Bernadette Alvarez of Shima Karate will represent her dojo and her country at the world championships in Mumbai

Bernadette Alvarez of Shima Karate will represent her dojo and her country at the world championships in Mumbai

Shima student to spar with world’s best

The 17-year-old from Nanaimo will be competing in the International Karatedo Gojukai Association world championships from Dec. 10-16.

The world championships are in Mumbai, India, half a world away, but as long as Nanaimo’s Bernadette Alvarez is on the karate mats, she’ll feel right at home.

“It’s not that different,” she said. “It’s a bunch of people doing karate, having fun, hopefully.”

The 17-year-old from Shima Karate will be competing in the International Karatedo Gojukai Association world championships from Dec. 10-16.

It’s a big deal, said her sensei Kurt Nordli, who will be accompanying her on the trip. Worlds are every four years and he’s never tried to qualify one of his Shima athletes until now.

“From what I’ve heard, as far as Canada’s team goes, they have high hopes on Bernadette…” he said. “They’re really hopeful she’s going to place and place well.”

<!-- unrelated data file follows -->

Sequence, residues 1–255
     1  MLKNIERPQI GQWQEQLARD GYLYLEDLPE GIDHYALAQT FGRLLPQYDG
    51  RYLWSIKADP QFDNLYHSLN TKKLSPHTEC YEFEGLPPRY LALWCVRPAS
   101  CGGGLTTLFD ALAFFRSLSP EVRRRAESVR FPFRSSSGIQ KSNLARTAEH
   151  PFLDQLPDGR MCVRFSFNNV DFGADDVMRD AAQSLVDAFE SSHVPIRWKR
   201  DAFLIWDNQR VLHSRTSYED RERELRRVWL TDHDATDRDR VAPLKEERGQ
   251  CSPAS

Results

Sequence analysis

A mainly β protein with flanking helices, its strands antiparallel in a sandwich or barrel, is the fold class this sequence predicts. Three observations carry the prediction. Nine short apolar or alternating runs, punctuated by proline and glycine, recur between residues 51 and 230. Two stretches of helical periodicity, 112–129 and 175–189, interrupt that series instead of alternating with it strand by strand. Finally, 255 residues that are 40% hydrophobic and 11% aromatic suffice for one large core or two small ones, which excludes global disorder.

Alvarez competed at nationals in Toronto in March, winning a silver medal in forms and a bronze in sparring. She never lets up with her training, coming into the Shima school five times a week.

“Her body type is perfect for karate,” Nordli said. “She has fast-twitch muscles, very good reflexes, so that helps.”

Alvarez said she’s been thinking about world championships since she was 12, so it’s exciting that it’s now becoming a reality. She doesn’t really know what the calibre of competition will be like, but she expects to be able to adapt.

She will try to strike a balance of enjoying the experience, yet maintaining her focus. To do well, she’ll need to “[get] a good night’s sleep, eat chocolate, be happy, not stressed,” she said. “Ride an elephant, preferably before the tournament; that would be cool.”

Though Alvarez is going to worlds to compete as an individual, it will take a team effort to get her there. Her peers are helping her fundraise for her trip and she said it’s reinforced how Shima isn’t just a dojo, but a family. It will inspire her to represent them as best she can.

“I don’t want to go over there and end up not doing my best…” she said. All these people supported me even though they didn’t have to. I might be their friend, but quite honestly they didn’t have to help me. But they still did, and I don’t want to go there for nothing.”

sports@nanaimobulletin.com

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